Wicker Man Sacrafice

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Julius Caesar claimed that Druids performed human sacrifice frequently though only noted 1 method by which they did so being the "Wicker Man Sacrifice". This notion is echoed by 1 other source writing some time later. Pliny the Elder would further suggest that Druids eat the dead.

In short this seems to be a fabrication, while we do enjoy Caesar's notes we have to remember he was the victorious commander over the Celts. A Commander whose people had been harassed by the Celts for a prolonged time. Roman's and Greeks are known to have a respect for but a generally negative view of Celts.

Practical Issues

The notion of a wicker man as described by Caesar for sacrifice just wouldn't work. Putting a living thing in a wicker cage to burn it a live wouldn't work at all seeing how wicker while strong breaks down rapidly when burned. Even if the victim was drugged it still wouldn't be a very effective method. This would more likely result a in a bunch of badly burnt but still alive people on a pile of smouldering ash.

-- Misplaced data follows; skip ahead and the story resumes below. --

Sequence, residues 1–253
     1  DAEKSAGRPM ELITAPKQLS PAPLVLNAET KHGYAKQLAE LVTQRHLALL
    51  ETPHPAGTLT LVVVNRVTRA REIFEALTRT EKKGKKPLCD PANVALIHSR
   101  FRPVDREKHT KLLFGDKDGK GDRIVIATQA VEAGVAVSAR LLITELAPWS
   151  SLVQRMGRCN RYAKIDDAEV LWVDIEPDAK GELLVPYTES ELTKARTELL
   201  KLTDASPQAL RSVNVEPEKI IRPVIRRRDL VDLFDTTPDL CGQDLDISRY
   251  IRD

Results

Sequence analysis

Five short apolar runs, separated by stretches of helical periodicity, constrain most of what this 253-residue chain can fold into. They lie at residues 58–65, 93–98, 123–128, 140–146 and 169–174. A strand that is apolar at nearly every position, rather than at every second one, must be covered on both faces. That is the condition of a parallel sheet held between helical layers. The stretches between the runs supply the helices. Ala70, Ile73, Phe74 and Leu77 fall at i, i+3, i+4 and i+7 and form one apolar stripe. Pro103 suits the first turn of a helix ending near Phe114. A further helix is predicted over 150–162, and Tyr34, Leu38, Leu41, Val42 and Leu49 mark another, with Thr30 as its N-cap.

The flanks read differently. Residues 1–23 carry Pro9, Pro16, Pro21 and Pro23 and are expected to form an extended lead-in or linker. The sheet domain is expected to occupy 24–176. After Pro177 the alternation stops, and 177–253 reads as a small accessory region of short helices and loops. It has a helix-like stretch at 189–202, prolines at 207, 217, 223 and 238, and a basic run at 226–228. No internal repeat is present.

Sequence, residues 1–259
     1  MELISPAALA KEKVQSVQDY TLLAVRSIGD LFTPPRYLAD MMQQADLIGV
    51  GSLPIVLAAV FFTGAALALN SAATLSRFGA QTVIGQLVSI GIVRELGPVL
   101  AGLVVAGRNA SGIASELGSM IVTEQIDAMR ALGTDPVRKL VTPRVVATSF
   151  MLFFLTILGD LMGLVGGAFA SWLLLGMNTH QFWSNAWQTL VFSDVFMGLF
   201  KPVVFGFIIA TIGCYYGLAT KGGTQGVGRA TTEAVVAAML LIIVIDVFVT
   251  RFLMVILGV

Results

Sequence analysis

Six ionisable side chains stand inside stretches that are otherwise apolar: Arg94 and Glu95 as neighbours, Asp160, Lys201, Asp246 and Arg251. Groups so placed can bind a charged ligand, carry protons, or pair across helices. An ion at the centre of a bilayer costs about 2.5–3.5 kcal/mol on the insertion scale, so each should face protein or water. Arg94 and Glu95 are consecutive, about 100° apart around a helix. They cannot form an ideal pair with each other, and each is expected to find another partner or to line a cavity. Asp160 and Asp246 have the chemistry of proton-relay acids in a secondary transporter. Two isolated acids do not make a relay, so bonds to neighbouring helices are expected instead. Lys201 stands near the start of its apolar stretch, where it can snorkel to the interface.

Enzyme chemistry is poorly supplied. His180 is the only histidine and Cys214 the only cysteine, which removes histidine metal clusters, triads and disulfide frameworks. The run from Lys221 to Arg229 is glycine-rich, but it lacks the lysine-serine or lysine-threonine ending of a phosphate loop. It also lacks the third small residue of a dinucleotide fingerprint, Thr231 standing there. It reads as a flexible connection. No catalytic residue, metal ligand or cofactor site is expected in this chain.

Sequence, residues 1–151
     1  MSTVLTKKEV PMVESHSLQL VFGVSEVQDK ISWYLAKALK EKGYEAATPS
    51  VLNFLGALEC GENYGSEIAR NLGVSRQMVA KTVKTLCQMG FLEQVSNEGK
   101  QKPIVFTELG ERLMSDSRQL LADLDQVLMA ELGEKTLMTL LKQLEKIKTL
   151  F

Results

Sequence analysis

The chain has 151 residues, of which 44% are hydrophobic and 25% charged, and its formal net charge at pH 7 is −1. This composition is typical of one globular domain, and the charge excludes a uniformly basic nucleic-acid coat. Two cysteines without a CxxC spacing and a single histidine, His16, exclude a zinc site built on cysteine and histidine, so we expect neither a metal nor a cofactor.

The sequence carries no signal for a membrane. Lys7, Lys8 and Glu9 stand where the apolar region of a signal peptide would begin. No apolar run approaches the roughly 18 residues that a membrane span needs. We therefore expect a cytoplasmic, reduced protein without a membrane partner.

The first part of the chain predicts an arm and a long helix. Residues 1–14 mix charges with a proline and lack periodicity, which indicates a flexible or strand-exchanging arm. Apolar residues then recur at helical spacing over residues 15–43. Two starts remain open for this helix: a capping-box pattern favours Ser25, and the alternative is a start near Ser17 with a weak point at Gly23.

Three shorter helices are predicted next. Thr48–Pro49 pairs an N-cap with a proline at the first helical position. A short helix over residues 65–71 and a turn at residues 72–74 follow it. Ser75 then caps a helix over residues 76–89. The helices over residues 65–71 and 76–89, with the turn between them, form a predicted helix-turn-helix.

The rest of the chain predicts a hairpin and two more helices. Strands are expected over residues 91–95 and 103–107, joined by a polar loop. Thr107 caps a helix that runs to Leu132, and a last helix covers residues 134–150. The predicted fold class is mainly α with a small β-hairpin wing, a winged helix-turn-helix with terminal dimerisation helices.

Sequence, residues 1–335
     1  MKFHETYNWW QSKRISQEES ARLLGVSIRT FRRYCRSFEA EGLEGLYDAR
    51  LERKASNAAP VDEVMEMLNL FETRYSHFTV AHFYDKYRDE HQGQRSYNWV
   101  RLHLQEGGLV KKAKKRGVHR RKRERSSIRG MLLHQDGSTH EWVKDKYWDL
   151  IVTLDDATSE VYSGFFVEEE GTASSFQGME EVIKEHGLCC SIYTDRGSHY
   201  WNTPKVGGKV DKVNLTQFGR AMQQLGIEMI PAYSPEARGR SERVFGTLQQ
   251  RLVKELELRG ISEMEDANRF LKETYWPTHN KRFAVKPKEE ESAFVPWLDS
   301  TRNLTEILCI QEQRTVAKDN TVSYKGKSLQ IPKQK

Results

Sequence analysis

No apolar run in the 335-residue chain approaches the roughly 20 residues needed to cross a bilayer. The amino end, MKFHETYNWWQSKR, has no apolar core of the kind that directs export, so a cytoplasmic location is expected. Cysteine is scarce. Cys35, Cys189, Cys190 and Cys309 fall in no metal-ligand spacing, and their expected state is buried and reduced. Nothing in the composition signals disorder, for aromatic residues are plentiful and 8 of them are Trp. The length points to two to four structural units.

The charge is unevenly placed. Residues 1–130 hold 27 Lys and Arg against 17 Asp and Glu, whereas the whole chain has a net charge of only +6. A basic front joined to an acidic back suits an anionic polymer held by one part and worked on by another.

Their is none, if Caesar's account is to be believed we should have a fairly large number of charred and manged bodies with a lot of tell tell signs of such a death. Similarly cannibalism does leave evidence its self on the bons of those striped of flesh.

We do know from bog bodies that sacrifices where a thing, frequency cant be attested to but it was likely rather rare considering the human population was not particularly large in these ages an living men (men is short for human so both male and female) are rather valuable, dead ones less so. One thing we do know from the bodies we have is that great care was taken in preparation and in the final act suggesting even that the "victim" was a volunteer working further against Caesar's notes where he suggested prisoners where favoured.

The note of prisoner is in particular problematic. We do know that Druids where the judges and one of the harshest punishments was to be excluded from religious significant events. For a culture whose primary deity seemed to be a positive association with death the evidence we have and the little we know about Druids suggests that human sacrifice was likely a rare event and that the sacrificed was likely honoured. The notion an undesirable person would be included in such an important event seems unlikely.

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